Friday, February 27, 2015

New media, new art

Modern Family has just, and justifiably, attracted a lot of attention with an episode taking place on Claire's laptop screen, and the video chats and other stuff that happens there. It was very good.

Somebody beat them to it, though. Noah is just the same, and almost the same length, 17 minutes (the MF episode was 21 minutes without ads).
I think Noah was good and interesting, although the ADD Hyper-speed young people operate at digitally and which was captured well, did tend to confuse.
I guess this ultra-multitasking must be addictive, I doubt you get more done that way.

Tuesday, February 24, 2015

The Unbearable Lightness of Tweeting

The Unbearable Lightness of Tweeting, article.
[Note: the article does *not* end with the graphics.]

I have earlier (to my shame, more than once. I'd like to be more positive, but sometimes it's hard) kvetched about Twitter. It's a small wonder I can't find anything interesting on it, who can be interesting in 140 characters?

But I thought at least it might be a good platform to share links, both for me and for others. A portal medium, leading to substantial stuff, relatively.

But no, it turns out that even at best, only about 1% of twitter readers who interact with a tweet, click through to a link! That is so depressing. It means Twitter actually *is* useless as a medium, except for such superficial use as sharing 140-character jokes or making 140-character arguments.

I, like many others, have found our attention span horribly diminished in the digital age. That many, many others are far, far ahead in this slow mental suicide might be a solace, but sadly it does not feel like it.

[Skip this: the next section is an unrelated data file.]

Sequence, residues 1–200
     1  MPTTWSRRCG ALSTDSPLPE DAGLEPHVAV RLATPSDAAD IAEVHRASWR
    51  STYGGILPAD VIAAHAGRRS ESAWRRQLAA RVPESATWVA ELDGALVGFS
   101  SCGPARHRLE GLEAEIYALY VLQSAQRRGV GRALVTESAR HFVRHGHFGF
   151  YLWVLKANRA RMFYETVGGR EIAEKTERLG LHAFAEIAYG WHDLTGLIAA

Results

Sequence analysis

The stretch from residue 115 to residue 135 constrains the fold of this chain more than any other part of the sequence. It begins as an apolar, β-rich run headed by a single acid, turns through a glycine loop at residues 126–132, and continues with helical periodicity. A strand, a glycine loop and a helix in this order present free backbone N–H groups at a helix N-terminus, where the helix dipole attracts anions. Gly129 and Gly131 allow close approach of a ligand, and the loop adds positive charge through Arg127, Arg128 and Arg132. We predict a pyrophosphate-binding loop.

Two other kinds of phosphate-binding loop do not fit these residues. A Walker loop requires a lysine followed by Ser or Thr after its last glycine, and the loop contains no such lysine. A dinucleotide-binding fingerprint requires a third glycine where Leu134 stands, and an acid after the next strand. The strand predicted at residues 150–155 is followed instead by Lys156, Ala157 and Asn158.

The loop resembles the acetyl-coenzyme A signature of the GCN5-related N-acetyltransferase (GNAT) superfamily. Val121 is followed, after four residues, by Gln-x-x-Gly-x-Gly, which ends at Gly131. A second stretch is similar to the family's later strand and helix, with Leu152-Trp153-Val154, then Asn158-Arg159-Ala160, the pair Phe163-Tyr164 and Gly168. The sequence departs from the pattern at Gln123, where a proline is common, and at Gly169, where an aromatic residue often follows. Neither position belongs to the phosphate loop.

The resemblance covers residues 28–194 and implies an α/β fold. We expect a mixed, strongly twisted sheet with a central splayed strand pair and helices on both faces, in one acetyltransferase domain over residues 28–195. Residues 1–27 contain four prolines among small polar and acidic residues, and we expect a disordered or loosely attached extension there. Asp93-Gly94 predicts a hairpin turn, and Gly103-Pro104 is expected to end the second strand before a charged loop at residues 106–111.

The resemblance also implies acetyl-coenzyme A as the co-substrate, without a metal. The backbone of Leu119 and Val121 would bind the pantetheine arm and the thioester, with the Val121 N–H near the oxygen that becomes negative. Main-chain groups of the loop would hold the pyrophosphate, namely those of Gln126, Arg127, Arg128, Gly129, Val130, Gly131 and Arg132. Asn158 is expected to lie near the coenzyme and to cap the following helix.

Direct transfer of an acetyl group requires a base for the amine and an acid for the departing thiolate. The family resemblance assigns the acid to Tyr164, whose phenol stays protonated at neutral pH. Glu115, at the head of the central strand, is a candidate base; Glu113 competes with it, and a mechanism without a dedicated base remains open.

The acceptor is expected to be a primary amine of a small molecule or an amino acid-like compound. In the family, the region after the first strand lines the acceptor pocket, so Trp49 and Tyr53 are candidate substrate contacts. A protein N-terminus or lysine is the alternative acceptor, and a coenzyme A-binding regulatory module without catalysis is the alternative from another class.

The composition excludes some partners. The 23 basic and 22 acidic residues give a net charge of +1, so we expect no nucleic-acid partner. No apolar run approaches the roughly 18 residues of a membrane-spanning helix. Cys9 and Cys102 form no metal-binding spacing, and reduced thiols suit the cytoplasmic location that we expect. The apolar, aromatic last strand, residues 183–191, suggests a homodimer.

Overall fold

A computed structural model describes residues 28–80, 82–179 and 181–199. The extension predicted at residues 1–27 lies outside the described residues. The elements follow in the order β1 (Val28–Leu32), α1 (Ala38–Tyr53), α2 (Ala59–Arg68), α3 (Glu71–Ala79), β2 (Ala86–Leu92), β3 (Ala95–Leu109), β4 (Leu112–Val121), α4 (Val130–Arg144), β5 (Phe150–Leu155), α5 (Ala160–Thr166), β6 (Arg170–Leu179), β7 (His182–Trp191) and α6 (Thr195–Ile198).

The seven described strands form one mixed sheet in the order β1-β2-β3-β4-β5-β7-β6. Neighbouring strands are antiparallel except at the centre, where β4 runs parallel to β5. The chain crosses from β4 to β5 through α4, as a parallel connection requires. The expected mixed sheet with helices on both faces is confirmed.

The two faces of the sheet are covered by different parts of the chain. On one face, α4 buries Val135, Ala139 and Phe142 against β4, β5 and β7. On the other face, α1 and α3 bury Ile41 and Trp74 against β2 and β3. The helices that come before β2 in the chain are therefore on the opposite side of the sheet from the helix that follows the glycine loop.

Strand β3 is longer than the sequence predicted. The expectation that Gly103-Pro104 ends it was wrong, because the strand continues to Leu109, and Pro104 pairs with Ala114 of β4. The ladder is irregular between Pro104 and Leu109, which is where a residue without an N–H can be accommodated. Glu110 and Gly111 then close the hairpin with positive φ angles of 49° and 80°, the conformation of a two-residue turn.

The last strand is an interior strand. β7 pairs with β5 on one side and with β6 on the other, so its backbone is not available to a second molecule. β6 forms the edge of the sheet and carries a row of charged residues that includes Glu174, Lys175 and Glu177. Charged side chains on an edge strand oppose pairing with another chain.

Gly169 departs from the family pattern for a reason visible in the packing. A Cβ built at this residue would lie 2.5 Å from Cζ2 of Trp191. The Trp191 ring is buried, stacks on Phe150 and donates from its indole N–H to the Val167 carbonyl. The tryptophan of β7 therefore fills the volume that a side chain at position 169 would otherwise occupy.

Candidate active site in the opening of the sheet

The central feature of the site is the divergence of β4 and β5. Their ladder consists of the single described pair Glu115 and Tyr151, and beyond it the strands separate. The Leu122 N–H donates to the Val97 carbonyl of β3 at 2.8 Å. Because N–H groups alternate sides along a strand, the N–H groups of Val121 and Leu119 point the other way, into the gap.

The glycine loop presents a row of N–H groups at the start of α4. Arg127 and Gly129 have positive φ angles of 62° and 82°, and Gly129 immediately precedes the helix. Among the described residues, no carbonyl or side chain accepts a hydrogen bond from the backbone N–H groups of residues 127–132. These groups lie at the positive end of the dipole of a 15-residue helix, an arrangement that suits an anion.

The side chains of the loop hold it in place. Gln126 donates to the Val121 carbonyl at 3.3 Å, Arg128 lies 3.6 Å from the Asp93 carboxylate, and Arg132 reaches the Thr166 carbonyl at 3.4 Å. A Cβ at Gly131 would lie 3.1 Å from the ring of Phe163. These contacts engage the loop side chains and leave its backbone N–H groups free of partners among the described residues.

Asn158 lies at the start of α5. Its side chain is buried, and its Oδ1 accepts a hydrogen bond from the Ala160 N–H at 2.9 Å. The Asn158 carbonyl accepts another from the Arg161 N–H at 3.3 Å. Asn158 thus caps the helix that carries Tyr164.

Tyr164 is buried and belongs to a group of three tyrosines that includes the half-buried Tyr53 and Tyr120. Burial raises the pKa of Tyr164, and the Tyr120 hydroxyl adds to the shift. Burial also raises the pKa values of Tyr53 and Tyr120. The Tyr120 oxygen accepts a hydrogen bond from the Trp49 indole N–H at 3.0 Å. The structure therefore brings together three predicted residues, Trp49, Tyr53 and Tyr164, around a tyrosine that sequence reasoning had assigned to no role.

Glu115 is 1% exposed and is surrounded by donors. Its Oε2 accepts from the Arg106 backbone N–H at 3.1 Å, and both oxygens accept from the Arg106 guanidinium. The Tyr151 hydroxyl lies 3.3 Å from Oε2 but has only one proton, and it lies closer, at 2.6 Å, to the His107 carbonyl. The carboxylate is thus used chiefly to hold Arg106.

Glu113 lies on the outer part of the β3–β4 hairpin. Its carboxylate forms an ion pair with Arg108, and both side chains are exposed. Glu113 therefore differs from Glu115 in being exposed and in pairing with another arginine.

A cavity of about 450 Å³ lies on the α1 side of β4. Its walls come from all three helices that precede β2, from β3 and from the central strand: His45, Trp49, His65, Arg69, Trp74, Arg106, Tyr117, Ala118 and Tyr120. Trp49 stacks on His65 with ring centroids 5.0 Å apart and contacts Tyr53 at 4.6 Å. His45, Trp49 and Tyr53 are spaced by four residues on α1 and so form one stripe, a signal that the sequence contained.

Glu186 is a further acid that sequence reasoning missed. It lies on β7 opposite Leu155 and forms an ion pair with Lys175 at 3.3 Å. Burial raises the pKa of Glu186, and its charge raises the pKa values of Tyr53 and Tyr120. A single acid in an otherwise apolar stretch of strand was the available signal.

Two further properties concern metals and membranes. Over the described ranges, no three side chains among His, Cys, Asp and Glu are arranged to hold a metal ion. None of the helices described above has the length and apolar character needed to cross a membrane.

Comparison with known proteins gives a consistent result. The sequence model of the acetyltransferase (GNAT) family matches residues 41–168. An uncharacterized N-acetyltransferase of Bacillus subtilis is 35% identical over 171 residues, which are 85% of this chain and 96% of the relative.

photograph reportedly just went for a world record $6.5 million

...photograph reportedly just went for a world record $6.5 million, article.

Australian photographer Peter Lik will rarely pass up an opportunity to show his biceps. There he was, wearing a cowboy hat, trekking up a snowy mountainside, arms bare. There he was, behind the wheel of a green truck, flexing. ...
art consultant David Hulme saying. Commenting on one of Lik’s pieces that went for $1 million, he added: “I don’t fancy the owner’s chances of recouping anywhere near what he paid for this one.”
That assessment hasn’t stopped Lik from selling. Take it from photographer Scott Reither, who also sells pictures and once worked as one of Lik’s salesmen. He wrote a lengthy blog post on his travails in which he spoke of hustling photographs like a used car salesman and pushing fine art on a Las Vegas clientele caught up in “impulsive behavior while visiting Sin City.” Reither said he sold $700,000 worth of Lik’s photography in seven months and quit, unable to “stomach it any further.”
“I felt like I had to feed people a bunch of lies,” he wrote, questioning the “absurd pricing structure for the not-very limited editions of 950″ print...

Get this print for $6.5M. 

Pop singers "design" Leica cameras, and the Marborro Man sets world records in "art photo" pricing. It's a brave new world. Or at least a brass one. 

Lenny Kravitz, Leica designer?

This is one of those increasingly frequent stories where you check mentally "is it the first of April already?"
Lenny Kravitz, by virtue of being a medium-popular pop-rock singer, and by virtue of apparently sometimes using a Leica camera, has achieved the status of now being a Leica designer!
His "design" consists of no more changes to the camera than having machines and assistants rubbing off the black paint in corners and some areas on a black Leica camera, so it looks like it has been used a lot! Awesome...
(Having seen some documentaries about how things work in Celebrity World, I would be surprised if Lenny even had anything to do himself with this design "idea".)

Read Mike Johnston's no less sarcastic take on this.